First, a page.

Type of Document Dissertation Author Healy, Christopher Andrew Author's Email Address firstname.lastname@example.org URN etd-1008102-162013 Title The “Minor” Author and the Major Editor: A Case Study in Determining the Canon Degree Doctor of Philosophy (Ph.D.) Department English Advisory Committee
Advisor Name Title Malcolm Richardson Committee Chair Carl Freedman Committee Member Jim Springer Borck Committee Member Susannah Monta Committee Member Renita Coleman Dean's Representative Keywords
- frederick j. furnivall
- middle english
- thomas hoccleve
- early english text society (eets)
- canon construction
- textual editing
Date of Defense 2002-09-12 Availability unrestricted AbstractThis dissertation explores the relationship between a literary work and its printed edition in the production of reputation--the editor as gatekeeper of the reputation of a “minor” poet. That relationship is demonstrated through a case study on the effects of the nineteenth-century edition of the works of the fifteenth-century poet Thomas Hoccleve and an analysis of the lingering effects of the Foucauldian “editor-function.”
The number of surviving manuscripts indicates that Hoccleve’s work was well-regarded during the early fifteenth century, but his reputation fell with that of other non-Chaucerian medieval poets as later critics lost linguistic familiarity with Middle English. The Victorian-era work of the Early English Text Society was intended to reclaim the positive reception for medieval works; however, the EETS offerings achieved just the opposite result for Hoccleve’s poetry and perpetuated the negative reputation the poet had acquired.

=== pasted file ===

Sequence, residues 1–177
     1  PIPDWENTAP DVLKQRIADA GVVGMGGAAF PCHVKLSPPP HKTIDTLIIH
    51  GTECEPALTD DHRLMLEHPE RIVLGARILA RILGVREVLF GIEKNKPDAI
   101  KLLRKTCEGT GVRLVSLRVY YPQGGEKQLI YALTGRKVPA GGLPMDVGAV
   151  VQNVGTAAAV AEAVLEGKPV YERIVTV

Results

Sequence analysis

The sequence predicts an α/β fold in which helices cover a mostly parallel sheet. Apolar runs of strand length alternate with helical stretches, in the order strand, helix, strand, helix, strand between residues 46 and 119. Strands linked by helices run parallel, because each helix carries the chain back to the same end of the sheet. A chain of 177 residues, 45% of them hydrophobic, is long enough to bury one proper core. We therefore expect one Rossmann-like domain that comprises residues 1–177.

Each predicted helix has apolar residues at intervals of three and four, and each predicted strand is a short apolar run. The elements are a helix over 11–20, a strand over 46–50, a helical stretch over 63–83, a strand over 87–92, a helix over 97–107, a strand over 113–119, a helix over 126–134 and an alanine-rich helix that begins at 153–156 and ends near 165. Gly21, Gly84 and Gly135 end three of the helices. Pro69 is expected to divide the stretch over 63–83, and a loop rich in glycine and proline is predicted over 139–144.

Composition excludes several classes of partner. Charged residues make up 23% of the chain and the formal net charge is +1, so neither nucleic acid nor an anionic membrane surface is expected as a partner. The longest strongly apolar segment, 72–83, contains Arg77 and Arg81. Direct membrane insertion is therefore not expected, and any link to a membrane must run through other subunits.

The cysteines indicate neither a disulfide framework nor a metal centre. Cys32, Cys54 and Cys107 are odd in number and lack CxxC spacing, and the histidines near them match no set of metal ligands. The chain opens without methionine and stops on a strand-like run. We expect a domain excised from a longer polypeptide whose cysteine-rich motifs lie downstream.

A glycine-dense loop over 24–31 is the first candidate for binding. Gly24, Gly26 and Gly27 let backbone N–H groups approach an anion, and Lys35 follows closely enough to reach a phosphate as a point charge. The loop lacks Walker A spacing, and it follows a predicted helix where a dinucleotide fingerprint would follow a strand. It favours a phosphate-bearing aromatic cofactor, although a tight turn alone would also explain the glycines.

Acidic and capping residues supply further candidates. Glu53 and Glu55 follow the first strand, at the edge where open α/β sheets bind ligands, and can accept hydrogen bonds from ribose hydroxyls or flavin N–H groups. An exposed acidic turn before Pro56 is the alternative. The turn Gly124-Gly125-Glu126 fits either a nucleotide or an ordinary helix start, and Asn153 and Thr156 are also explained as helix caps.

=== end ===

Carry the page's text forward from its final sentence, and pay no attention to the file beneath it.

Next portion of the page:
Frederick J. Furnivall’s EETS “standard” Hoccleve editions, still in print, are largely unfavorable in the crucial prefatory matter, even though it is rife with transparent Victorian prejudices. Furnivall’s text itself is haphazardly irregular, frequently producing--not reproducing--the same flaws the forewords criticize. As these blemished editions have remained the standard for over a century, Furnivall’s editorial irresponsibility undoubtedly slowed the critical re-evaluation of Hoccleve, which began at the end of the twentieth century.
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